When I asked Ms Macey what I should talk about for last Thursday’s meditation talk, she said “kindness”. She said lately she’s been asking herself every day how she can be more kind. I found this funny because Ms Macey is one of the kindest people I’ve met. I presume she’s gotten that way partly by continuing to ask herself how to become more kind.
I, on the other hand, spend more time thinking about how to choke people out (which I suppose is more kind than knocking them out). Nevertheless, here are my thoughts on kindness.
Kindness through Meditation
Meditation is a wonderful way to practice kindness. It is the kindest thing we can do for ourselves, and really for others. When we take care of our own minds and become more focused, calm and present, we are better able to take care of the needs of everyone else in our lives. Think of it like putting on your own oxygen mask on first. You can also practice empathy more directly with a visualization technique. Though I don’t consider this strictly meditation, you might practice it before or after zazen.
Try inhaling deeply while visualizing the circle of people you are closest to (close friends and family). When exhaling, allow yourself to feel the love you have for them. Upon the next inhale, visualize the next circle of people (extended family, coworkers); exhale and feel the same love as you did for the first circle. Move on to ever wider and wider circles, including the whole city, state, country, earth, and the rest of the cosmos. Now when you see someone from an extended circle or even a stranger, you’ll find yourself being more empathetic, treating them as you would a loved one.
Partners, Not Opponents
We talk about treating each other as partners instead of opponents in class all the time. It’s not just semantics; it’s a totally different attitude. When we are partners, we take care of whomever we are practicing with. Safety is a priority, but it goes further than that. Our partner’s progress becomes more important than our own. We ask ourselves how we can make this class the best for everyone else. We become better able to see what our partners need. We become more empathetic, yet we also get better at actually delivering. We become able to give our partners what they need to have the best possible experience.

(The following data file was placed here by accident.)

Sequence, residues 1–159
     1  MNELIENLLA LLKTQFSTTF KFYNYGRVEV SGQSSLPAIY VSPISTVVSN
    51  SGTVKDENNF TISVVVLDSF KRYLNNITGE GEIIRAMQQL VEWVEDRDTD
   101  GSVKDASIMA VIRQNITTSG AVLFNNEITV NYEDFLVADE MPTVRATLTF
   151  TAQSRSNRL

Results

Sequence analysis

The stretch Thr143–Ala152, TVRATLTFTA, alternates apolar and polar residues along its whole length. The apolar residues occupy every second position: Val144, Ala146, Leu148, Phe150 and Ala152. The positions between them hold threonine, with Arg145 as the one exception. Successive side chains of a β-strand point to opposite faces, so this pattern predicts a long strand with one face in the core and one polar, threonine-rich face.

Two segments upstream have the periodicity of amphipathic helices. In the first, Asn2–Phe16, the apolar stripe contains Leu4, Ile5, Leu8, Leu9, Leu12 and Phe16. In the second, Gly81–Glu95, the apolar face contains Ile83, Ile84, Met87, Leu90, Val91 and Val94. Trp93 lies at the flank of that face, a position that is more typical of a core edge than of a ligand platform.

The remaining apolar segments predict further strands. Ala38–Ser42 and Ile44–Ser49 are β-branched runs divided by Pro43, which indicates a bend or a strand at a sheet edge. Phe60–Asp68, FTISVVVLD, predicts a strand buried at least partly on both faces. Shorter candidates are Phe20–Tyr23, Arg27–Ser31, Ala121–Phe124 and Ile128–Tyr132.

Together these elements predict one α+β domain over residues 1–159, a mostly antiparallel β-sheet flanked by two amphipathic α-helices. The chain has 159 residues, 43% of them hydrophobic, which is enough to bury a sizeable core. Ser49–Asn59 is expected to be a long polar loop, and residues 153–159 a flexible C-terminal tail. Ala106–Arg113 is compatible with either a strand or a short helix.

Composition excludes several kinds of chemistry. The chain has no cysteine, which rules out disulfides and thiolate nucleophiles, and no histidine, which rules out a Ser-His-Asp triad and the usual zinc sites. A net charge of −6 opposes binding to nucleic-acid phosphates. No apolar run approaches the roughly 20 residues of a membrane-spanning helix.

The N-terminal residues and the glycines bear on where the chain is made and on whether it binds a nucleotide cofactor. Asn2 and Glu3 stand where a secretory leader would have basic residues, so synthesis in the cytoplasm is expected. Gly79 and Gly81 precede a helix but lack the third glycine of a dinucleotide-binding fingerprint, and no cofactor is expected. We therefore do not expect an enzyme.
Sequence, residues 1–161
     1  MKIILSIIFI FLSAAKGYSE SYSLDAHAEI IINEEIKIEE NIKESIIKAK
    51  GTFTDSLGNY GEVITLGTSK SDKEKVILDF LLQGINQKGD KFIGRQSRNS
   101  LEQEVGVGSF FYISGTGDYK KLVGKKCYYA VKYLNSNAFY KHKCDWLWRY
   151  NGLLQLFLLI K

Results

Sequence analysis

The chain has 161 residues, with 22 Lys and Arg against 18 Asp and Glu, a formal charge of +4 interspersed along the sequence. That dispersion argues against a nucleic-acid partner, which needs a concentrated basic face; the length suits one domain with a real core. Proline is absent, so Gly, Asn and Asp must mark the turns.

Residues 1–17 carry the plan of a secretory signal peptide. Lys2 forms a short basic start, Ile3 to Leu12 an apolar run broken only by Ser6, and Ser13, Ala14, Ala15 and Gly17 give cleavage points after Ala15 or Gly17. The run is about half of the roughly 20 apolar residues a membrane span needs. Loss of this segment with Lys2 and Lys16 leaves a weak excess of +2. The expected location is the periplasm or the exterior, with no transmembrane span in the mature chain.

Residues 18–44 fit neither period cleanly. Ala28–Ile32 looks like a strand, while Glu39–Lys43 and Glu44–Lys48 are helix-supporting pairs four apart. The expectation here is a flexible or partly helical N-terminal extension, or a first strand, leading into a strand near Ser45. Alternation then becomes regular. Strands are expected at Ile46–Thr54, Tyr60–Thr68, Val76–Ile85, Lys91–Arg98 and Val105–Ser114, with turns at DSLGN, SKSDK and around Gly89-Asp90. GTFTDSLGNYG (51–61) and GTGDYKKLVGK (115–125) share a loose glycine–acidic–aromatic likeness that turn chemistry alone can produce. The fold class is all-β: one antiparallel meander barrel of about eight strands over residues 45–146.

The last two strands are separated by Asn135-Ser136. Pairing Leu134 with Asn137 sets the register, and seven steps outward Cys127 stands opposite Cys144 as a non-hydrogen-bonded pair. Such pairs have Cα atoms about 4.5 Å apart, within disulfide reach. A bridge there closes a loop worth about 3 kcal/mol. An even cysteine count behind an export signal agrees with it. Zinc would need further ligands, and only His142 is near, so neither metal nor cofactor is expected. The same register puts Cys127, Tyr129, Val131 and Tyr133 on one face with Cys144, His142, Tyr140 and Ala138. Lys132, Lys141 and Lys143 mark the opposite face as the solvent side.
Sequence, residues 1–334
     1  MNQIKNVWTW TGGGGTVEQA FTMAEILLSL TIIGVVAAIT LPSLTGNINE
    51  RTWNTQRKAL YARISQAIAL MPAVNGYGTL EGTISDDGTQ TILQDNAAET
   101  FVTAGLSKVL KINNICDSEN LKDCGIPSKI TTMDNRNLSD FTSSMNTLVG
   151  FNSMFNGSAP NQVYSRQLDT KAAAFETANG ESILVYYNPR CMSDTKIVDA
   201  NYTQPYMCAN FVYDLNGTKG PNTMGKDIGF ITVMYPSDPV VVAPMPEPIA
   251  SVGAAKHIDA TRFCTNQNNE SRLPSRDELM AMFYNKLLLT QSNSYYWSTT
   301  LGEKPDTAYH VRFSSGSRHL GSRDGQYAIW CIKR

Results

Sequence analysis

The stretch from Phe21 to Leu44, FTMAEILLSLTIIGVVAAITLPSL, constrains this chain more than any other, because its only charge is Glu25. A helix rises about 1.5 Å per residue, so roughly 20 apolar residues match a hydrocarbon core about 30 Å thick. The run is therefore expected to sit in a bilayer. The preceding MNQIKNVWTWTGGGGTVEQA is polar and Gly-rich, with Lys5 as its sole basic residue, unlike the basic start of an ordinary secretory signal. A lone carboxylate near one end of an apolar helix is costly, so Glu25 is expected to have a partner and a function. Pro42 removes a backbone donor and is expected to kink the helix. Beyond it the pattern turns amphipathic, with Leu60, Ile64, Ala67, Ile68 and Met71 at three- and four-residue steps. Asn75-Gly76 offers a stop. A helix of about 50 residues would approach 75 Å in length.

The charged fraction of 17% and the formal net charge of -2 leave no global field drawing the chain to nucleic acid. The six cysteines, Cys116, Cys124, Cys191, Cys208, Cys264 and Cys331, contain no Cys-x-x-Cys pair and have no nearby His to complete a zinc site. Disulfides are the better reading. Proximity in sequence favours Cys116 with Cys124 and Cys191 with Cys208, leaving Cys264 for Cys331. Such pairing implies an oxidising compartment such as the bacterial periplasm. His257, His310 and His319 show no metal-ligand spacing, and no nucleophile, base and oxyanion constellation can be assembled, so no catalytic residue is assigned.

Confidence and Selflessness
Kindness, in my opinion, is to be empathetic to what another person needs and actually provide it. This can only come from a place of complete confidence and selflessness. Often times in class I see a senior student who knows the technique we are repping quite well, yet their lack of confidence makes it much more difficult to be a great partner. When they are worried about messing up and looking dumb, they cannot focus on their partner rather than themselves.
Ironically, being selfless and paying attention to the needs of another can free us from this worry about ourselves. The simple act of letting go of this attachment to what we want allows us to easily flow into what our partner needs. It is the natural place our attention and actions go.
One of my favorite stories illustrates this quite well. Two monks were walking down the street when they came across a beautiful woman trapped on one side of a river bank, unable to cross. Immediately, one of the monks scooped her up onto his shoulder, carried her across and set her down. The two monks then continued along the road.
Hours later, the second monk could contain himself no longer. “What have you done?” he exclaimed. “We monks aren’t allowed to look at a woman, let alone touch one!”
“Brother,” replied the first monk, “I set her down miles ago, yet you still carry her.”
This is a perfect example of effortless kindness. When we stand in complete confidence and selflessness, we stop worrying about ourselves and allow ourselves to flow with the needs of another.